Great words for every family no matter their age!
"...What I’ve learned over the years is that rules don’t work. Rules don’t create character in people, they create boxes. Our hearts are not wired for legalisms. We find all kinds of ways to distort rules. We use them as weapons against one another (I’m better than you.) We use them as obstacles to overcome (I’ll find the loophole). We use them for judgment. (I’m good enough, I’m too bad, I’m…insert identity-crushing word here)
We don’t need rules, we need values. We need guiding principles that determine the direction of our lives, that help us make good and intentional choices toward a preferred future. So this summer, our family is throwing out the rules and ushering in the values."
This story is so real, raw, and honoring to all the soldiers of this unit that fought courageously in an impossible area of Afghanistan. A great, great read to understand what heroes serve our country fearlessly and tirelessly. God bless them one and all.
MEDAL OF HONOR RECIPIENT TALKS ABOUT BRAVERY IN OTHERS. Ryan Pitts was a sergeant with 2nd Platoon of Chosen Company during the unit's fateful deployment to northeast Afghanistan in 2007-2008 when it became one of the most highly decorated units in the Army. Pitts was singled out for heroism in the Battle of Wanat that took place on the morning of July 13, 2008. Here he talks at length about the bravery of others, referencing soldiers who fought around him that day: Jason Bogar, Jonathan Ayers, Pruitt Rainey, Jonathan Brostrom and Jason Hovater. Their stories and the story of the Chosen Few: http://www.chosenfewbook.com/
[11/10/16] We are meeting Sunday evenings for a study called The Fighting Marriage. Come join us. There is Awanas for the kids at the same time. Message us for more information on time and location in the Fort Bragg area. "Be kind and compassionate to one another, forgiving each other, just as in Christ God forgave you" Eph 4:32
A prayer for today ❤️
marriageprayers.today Marriage Prayer – To Unwind When We Need To Dear Heavenly Father, Help us to unwind when we need to. Teach us how to release our stress when it takes over our thoughts. Stress can distract us from the path You set before us. It can discourage us from fulfilling our call. It can …
Restore to me the joy of Your salvation and grant me a willing spirit, to sustain me.
Psalm 51:12 NIV
[10/06/16] Psalm 55:22, "Cast your burden upon the Lord and He will sustain you."
Marriage: why is it sometimes so great and other times something we want to run away from!! :We will be having a couples small group study for marriage enrichment and sustainment called Sacred Marriage by Gary Thomas: “Any situation that calls me to confront my selfishness has enormous spiritual value” If you are married, then you have confronted selfishness in yourself and your spouse. The Guzman’s and the Myers will be facilitating this study with encouragement, prayer, and biblical tools to help you see what God offers in His design for marriage. We still have room in this class: husband away? No problem.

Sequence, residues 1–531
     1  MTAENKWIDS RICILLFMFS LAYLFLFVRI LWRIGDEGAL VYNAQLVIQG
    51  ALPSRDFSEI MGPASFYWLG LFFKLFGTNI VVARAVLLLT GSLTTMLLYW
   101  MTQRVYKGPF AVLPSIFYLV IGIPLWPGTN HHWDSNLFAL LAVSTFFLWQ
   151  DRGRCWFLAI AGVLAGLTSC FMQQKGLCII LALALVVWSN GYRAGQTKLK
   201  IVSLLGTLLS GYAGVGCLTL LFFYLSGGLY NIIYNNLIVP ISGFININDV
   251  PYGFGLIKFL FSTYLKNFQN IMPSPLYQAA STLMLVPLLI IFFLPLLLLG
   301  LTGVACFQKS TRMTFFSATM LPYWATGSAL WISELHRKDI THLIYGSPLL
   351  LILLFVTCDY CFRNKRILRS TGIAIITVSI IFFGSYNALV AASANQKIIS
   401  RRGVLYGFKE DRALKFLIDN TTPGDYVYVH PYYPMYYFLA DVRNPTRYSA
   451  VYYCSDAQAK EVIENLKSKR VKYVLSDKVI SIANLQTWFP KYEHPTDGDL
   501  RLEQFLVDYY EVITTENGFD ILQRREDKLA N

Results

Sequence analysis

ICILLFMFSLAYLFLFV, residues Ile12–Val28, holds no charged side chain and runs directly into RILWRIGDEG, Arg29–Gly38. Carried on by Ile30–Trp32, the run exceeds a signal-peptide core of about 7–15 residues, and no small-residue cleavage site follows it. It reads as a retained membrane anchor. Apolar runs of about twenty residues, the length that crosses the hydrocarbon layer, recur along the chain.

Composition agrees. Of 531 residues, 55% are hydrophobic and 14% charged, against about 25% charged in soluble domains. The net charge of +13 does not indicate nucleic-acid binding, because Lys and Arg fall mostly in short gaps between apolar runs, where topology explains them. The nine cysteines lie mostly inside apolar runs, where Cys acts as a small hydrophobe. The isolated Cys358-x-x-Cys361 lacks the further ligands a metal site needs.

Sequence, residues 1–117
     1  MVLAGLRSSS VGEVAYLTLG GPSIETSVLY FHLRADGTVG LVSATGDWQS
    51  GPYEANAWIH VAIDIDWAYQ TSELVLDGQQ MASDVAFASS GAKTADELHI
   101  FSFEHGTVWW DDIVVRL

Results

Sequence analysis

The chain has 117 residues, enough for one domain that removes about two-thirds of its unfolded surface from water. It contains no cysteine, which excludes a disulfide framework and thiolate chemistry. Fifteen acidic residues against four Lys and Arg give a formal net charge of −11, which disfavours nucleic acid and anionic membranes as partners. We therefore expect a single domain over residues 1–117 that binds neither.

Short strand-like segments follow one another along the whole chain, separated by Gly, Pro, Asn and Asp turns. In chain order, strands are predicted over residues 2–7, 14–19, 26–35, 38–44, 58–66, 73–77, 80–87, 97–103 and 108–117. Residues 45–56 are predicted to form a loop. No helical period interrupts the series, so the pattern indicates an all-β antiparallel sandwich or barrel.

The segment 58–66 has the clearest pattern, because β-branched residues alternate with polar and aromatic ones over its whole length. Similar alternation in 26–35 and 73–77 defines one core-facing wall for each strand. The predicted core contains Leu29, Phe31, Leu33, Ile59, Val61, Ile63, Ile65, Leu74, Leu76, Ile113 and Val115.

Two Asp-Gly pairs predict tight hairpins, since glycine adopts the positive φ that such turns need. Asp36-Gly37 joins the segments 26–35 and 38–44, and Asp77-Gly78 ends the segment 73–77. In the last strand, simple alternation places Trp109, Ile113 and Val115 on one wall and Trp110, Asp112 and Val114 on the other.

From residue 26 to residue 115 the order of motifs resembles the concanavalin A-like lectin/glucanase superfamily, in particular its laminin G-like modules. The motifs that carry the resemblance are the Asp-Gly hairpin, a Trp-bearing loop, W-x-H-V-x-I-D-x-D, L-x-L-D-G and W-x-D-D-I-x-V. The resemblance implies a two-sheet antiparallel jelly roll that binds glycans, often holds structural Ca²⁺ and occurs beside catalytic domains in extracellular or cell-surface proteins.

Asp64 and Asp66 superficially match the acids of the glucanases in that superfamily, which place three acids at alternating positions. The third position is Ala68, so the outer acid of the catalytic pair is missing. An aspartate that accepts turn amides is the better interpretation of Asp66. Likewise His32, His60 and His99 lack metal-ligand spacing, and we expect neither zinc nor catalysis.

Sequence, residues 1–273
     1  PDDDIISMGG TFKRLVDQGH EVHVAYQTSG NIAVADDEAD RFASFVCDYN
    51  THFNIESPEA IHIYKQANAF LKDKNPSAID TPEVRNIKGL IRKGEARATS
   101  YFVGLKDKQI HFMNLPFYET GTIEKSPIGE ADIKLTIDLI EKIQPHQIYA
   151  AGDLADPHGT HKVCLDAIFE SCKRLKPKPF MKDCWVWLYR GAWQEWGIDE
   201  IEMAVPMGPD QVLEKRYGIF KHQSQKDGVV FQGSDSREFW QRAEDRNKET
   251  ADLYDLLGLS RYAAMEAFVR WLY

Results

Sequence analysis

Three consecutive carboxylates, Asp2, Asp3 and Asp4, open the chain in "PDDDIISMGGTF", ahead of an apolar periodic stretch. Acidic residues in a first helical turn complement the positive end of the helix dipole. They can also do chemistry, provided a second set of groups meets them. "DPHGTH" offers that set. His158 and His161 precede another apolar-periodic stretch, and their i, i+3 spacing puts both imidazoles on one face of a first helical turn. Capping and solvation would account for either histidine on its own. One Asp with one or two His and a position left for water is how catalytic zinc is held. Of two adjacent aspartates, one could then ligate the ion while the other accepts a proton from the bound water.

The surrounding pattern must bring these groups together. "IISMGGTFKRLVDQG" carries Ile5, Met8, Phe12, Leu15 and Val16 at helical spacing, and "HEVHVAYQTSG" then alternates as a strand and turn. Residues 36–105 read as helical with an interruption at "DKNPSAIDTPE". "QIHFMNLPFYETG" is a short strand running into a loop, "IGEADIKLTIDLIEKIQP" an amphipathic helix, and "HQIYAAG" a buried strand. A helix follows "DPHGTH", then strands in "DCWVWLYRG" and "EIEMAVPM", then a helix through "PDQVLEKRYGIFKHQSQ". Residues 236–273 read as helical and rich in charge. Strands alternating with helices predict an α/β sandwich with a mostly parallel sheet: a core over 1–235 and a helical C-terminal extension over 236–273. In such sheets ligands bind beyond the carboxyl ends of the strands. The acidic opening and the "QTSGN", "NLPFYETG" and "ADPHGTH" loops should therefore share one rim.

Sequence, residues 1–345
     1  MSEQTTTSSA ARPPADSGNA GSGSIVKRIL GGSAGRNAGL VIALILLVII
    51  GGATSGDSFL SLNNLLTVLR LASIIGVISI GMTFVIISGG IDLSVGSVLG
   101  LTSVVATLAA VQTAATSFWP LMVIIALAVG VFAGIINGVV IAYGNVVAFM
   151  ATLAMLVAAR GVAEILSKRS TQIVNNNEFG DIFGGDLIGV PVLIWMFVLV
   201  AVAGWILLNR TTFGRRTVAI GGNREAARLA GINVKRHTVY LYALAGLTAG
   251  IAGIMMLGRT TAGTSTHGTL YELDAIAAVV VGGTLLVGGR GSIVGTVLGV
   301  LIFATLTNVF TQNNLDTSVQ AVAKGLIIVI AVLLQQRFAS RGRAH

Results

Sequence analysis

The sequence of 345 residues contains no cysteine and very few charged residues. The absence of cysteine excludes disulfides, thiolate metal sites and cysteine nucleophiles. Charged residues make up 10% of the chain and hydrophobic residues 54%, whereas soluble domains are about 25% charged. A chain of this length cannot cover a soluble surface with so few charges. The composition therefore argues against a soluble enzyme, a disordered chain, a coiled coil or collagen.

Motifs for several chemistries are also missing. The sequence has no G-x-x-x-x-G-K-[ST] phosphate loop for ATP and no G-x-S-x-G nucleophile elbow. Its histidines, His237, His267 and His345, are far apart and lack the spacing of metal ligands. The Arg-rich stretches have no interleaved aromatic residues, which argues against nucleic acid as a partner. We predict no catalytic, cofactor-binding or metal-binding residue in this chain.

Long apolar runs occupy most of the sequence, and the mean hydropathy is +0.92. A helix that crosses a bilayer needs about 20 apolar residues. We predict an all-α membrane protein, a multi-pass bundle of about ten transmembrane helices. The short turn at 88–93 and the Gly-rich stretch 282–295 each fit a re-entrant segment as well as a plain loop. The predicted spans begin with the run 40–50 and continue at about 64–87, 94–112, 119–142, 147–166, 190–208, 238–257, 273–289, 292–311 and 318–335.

Sunday evening 6pm.
All American Chapel: The children's Awanas program will also be held at that time.
Sign up: [email protected]
If you can’t sign up, just come out this Sunday evening.
This veteran lost all four limbs in Afghanistan — but now he’s inspiring other vets to be active again
Yes, and yes.
taskandpurpose.com There are parts of military family life that are universal. Here are 15 of them.
My wonderful, talented friend wrote this song as a tribute to our soldiers. Also an awesome military spouse!
It's the need to serve, the strength to fight To take a stand for what's right It's the need to protect his fellow man The pride when his Daddy shakes his ha...
[05/22/16] As we enter PCS season, please join us in praying for all the military families moving this summer. Let's especially pray for all the "brats" who are finishing the school year and saying goodbye to friends, teachers and the routine they know. We pray they will learn to bring their needs to the Lord and He will provide friends, churches, schooling and security in their new homes.
Fort Bragg Protestant Women of the Chapel (PWOC) Serving Christ, Reaching Women, Connecting Lives PWOC is God empowered, Christ centered and Spirit led; exists as an extension of Chapel; encourages women to grow spiritually within the body of Christ.
“We are Designed To Conquer"
Welcome to the official Fort Bragg Airborne Artillery Memorial Congregation (AAMC) page where you will find information focused on spiritual well-being.
The United State Army official page of Wood Memorial Chapel Gospel Congregation (WMCGC)
We are a protestant congregation meeting at All American Chapel at 1100 Sunday mornings. Sunday School occurs from September-May at 1000 (excl. 4 day weekends) Chapel Kids (K-5th) occurs from September-May & 1st Sunday of the Month is Family Sunday.
We are a unified body of Catholic women who work side-by-side with the Knights of Columbus. Our auxiliary is the first ever on a military installation!